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Annu Rev Immunol. 1992;10:51-69.

Peripheral T cell tolerance.

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  • 1Walter and Eliza Hall Institute of Medical Research, Royal Melbourne Hospital, Victoria, Australia.

Abstract

The most efficient way to ensure self-tolerance in the T-cell repertoire is by intrathymic deletion of self-reactive clones. Antigens not present intrathymically may, however, influence the peripheral T-cell pool in various ways. The may of course activate T cells, provided that these have the correct specificity and affinity and that the antigens are presented in sufficient amounts on professional antigen-presenting cells. They may be ignored by T cells if some of these conditions are not met. In some forms, the antigen may be toleragenic for mature T cells. If the antigens persist in an immunogenic form, unresponsiveness may eventually be imposed as the end result of a powerful immune response. Extrathymic self-antigenic components are generally encountered early in development, and the way in which these influence peripheral T lymphocytes has been studied by transgenic technology. They may be ignored by T cells if they are sequestered from the immune system, or if they are present in low amounts or on nonprofessional antigen-presenting cells which lack the appropriate accessory molecules or signals needed to activate the relevant T-cell subset. On the other hand, some of these self-antigens readily induce anergy in peripheral T cells, which may or may not involve downregulation of antigen receptors and coreceptors. Tolerance in the T-cell repertoire is therefore achieved not only by intrathymic deletion of self-reactive clones but also by several postthymic mechanisms.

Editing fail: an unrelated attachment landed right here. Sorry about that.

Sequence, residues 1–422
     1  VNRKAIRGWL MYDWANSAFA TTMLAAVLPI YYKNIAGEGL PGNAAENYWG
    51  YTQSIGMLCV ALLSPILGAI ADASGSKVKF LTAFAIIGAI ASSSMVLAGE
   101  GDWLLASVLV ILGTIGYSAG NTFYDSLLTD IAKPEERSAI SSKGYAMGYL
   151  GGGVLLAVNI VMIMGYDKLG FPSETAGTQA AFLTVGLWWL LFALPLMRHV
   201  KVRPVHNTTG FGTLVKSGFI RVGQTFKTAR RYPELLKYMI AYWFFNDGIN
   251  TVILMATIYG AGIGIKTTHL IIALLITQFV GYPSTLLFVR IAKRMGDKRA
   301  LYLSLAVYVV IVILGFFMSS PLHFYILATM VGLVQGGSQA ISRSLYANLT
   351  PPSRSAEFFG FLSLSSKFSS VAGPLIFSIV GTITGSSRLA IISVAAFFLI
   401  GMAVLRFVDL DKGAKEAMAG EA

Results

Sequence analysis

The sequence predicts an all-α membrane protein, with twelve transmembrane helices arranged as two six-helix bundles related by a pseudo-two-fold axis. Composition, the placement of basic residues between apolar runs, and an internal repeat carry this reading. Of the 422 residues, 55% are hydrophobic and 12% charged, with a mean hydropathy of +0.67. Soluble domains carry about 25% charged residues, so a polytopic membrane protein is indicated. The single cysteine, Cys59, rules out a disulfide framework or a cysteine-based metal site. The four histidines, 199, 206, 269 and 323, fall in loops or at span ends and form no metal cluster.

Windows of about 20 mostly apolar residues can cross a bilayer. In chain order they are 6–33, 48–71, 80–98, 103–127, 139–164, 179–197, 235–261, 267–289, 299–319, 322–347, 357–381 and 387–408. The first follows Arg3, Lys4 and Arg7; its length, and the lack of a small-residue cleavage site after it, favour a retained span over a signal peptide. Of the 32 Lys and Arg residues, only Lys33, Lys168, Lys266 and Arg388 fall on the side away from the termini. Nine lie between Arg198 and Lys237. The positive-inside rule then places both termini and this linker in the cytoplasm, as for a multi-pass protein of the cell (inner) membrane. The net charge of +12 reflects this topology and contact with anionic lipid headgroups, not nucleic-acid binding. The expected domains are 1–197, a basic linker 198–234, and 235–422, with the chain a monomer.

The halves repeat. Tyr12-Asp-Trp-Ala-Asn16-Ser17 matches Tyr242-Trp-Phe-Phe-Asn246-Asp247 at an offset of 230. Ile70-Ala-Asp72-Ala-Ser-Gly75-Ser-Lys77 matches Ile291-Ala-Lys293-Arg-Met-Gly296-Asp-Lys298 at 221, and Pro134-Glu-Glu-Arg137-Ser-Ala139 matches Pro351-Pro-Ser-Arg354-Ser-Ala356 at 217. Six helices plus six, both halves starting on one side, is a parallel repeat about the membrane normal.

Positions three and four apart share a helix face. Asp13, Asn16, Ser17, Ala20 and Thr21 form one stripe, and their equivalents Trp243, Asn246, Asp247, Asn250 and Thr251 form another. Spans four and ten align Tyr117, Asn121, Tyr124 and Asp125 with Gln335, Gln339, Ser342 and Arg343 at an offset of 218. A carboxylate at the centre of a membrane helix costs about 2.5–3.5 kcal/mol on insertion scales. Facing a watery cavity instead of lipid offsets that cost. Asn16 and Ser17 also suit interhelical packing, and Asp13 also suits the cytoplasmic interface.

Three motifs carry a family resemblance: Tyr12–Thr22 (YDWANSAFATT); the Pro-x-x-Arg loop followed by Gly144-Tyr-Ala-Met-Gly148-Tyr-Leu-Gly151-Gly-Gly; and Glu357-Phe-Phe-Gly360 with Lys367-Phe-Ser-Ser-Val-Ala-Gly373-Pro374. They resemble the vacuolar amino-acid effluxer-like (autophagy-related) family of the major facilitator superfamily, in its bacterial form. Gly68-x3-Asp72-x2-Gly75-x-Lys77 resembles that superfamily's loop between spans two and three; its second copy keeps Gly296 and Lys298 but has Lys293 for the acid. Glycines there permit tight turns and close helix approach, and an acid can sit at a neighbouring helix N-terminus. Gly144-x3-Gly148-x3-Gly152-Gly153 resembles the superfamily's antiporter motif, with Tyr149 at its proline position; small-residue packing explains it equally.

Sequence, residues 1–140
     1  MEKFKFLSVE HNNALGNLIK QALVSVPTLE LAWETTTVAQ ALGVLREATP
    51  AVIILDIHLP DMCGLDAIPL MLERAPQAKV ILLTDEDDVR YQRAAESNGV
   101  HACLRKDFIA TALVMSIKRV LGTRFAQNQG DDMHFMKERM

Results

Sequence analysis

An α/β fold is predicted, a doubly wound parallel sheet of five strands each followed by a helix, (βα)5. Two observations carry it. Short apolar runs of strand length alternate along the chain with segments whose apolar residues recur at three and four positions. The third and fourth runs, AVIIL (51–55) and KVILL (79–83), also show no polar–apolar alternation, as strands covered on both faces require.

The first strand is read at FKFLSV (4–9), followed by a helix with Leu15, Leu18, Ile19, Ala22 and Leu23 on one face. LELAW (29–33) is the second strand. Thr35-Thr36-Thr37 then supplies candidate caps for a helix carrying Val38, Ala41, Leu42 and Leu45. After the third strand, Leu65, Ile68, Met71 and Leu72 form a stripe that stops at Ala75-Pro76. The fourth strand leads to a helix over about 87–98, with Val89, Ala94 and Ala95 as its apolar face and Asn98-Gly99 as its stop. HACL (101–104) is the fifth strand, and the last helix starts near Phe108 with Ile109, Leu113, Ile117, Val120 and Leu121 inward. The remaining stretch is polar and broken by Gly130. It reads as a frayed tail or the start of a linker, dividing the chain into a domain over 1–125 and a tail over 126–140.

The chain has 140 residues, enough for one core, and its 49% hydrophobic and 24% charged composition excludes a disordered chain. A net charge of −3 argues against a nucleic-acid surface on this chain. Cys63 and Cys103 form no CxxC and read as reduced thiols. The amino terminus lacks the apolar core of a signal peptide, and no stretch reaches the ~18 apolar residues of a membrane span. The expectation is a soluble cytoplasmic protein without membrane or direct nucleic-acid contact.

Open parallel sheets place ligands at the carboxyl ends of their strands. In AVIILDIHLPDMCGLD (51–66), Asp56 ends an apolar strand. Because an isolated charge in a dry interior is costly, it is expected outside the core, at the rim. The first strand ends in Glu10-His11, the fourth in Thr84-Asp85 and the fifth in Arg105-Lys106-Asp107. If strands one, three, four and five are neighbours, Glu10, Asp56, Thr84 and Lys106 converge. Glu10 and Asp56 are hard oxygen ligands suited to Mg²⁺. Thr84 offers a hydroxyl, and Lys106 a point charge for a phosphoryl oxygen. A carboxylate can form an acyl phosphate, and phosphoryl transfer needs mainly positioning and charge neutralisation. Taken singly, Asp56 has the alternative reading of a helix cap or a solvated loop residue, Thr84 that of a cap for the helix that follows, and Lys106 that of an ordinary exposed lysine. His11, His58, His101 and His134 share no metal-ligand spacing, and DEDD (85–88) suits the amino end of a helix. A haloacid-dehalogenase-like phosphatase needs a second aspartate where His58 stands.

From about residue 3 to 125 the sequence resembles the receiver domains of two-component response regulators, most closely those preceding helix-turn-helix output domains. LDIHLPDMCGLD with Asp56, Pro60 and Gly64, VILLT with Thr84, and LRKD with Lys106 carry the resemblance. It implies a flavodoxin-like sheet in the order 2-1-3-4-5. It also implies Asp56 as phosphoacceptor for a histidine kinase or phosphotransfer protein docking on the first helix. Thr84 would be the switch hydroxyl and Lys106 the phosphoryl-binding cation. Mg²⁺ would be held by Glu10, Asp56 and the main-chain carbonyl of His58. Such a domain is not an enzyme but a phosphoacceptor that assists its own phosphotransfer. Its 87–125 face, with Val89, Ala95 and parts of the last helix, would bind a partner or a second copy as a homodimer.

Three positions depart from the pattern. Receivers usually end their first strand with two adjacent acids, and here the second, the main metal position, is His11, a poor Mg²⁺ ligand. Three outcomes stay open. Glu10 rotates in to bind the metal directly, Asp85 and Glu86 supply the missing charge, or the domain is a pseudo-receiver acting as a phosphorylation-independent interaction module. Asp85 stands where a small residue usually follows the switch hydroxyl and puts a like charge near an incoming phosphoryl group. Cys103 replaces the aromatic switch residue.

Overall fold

PMID:
1590995
[PubMed - indexed for MEDLINE]
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